A&E » Book Review

Josh Russell's new novel explores grad school's savage lot

A True History of the Captivation, Transport to Strange Lands, & Deliverance of Hannah Guttentag: A Novel puts higher ed in a low light



Being in graduate school is a lot like being kidnapped, or so Decatur-based author/professor Josh Russell would have us believe. His new novel, A True History of the Captivation, Transport to Strange Lands, & Deliverance of Hannah Guttentag: A Novel, out Aug. 14, recounts the story of the title character as she graduates from the University of Tennessee and goes off to Cornell to pursue a Ph.D. in English. The stuff of Guttentag's life slowly begins to resemble the conventions of the "captivity narratives" she studies, in which female narrators recount allegedly true stories of being kidnapped by "savages" in the early days of colonial America. Russell, who teaches at Georgia State University, was awarded a 2006 National Endowment for the Arts Literature Fellowship, which allowed him to complete his Townsend Prize-nominated 2010 novel, My Bright Midnight.

What does the story of a woman attending graduate school in the early '90s have to do with the captivity narratives of the 18th century? What made you want to put the two things together?

I've long had an interest in the form of the women's Indian captivity narrative. For years and years I thought about writing one. My first attempt was a satirical historical novel, but I got about three pages in, and it was the least funny satirical novel anyone had ever written. I put the idea on the back burner. Finally, it came to me that the most contemporary version of the women's Indian captivity narrative would be a narrative about someone going to graduate school. These people who live in urban areas of civilization go off to the "woods," or rural areas where a lot of these colleges are. The typical laments in women's Indian captivity narratives are: You have to eat strange food, you have to listen to people say strange things, you have to watch them do these weird dances. I was like, "This is grad school." That was the start, the rough version. In the book, she ends up studying captivity narratives so there's this slightly meta-fictive element.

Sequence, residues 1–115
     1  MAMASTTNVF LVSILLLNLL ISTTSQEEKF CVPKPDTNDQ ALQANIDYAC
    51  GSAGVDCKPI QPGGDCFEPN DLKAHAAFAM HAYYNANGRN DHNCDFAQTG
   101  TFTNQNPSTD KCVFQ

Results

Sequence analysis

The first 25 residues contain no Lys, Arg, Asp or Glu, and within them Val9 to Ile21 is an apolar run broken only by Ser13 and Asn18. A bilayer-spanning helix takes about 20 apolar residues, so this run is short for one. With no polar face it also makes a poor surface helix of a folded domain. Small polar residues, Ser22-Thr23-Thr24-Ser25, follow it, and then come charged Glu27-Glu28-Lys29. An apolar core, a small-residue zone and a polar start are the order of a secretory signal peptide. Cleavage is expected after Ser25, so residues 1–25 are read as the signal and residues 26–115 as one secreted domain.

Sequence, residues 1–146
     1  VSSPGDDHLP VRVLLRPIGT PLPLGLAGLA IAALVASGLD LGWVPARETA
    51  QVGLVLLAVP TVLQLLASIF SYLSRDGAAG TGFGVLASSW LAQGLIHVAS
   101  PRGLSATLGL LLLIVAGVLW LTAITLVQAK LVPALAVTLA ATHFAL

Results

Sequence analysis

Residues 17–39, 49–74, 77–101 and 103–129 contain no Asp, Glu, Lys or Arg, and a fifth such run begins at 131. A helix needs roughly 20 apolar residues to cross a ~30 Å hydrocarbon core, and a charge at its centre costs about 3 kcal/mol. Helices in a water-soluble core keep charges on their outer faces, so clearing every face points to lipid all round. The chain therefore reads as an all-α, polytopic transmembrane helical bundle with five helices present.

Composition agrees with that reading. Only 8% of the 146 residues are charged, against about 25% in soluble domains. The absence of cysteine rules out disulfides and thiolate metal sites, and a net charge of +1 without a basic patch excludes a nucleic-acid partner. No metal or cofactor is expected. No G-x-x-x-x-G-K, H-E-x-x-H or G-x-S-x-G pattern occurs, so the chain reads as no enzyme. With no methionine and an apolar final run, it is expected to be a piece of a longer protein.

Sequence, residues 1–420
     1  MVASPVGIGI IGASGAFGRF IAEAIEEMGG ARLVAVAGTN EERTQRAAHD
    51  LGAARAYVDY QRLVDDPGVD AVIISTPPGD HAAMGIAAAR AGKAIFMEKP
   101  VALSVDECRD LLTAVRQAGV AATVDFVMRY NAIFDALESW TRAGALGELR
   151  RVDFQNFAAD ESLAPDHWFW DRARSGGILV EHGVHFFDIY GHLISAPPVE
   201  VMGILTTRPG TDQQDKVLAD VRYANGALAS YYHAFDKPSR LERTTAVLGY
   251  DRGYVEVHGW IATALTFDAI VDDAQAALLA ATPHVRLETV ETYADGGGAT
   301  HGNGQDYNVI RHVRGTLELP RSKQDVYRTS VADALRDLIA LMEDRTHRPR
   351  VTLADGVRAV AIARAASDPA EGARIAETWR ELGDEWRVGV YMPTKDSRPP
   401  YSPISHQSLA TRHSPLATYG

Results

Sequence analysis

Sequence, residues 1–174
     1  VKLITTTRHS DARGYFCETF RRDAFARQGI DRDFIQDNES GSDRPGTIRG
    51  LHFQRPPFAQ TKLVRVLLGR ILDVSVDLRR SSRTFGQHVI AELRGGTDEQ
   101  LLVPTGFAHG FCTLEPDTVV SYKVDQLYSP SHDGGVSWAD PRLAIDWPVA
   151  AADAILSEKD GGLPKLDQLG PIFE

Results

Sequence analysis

The book is mostly set in Ithaca, N.Y., and Lincoln, Neb. Are these places you know well? Did you visit them as part of your research?

They're places that are useful to me because of the fact that I've been there but I haven't spent enough time to get to know them very well so I can just kind of "make them up." I wasn't overwhelmed by the details of reality. I think it would have messed me up if I'd gone back to them for the novel.

Do you ever write about places where you're currently living or is it always about places that are in your past?

I'm trying to do it right now and I've had to come up with a trick to manage it. I can't really write about the place where I'm living. I'm overwhelmed by it. I feel this weird responsibility to verisimilitude. When I lived in New Orleans, I couldn't write about it. From a distance I can sort things out and make them fit into the imaginative narrative. My first book about New Orleans, Yellow Jack, I wrote when I was living in Boulder, Co. My second novel, My Bright Midnight about New Orleans, I started in Georgia and finished in Nebraska the summer I was out there. This last book I wrote here in Georgia and never does anyone come to Georgia in it.

You grew up in the North, but currently you live in and write a lot about the South. There are lots of famous examples of writers who do the reverse — who grow up in the South and make their way North — but there aren't many writers who have followed your path.

I grew up in Illinois and Maryland. My wife is a native Southerner. She was born in Virginia and spent a lot of time in Alabama and Louisiana growing up. She refers to me as a carpetbagger. I like it. At one point I proposed to a poet that I know that we edit something called "The Anthology of Carpetbagger Lit." I was trying to claim it was a genre, but it would have been a very short anthology. I think one of the reasons the South has always appealed to me is that it has a literary tradition it's fiercely proud of. It is nice there's a lot of pride, and it's a pride that extends beyond writers and highbrow readers. It makes it a great place to live and to work.

Add a comment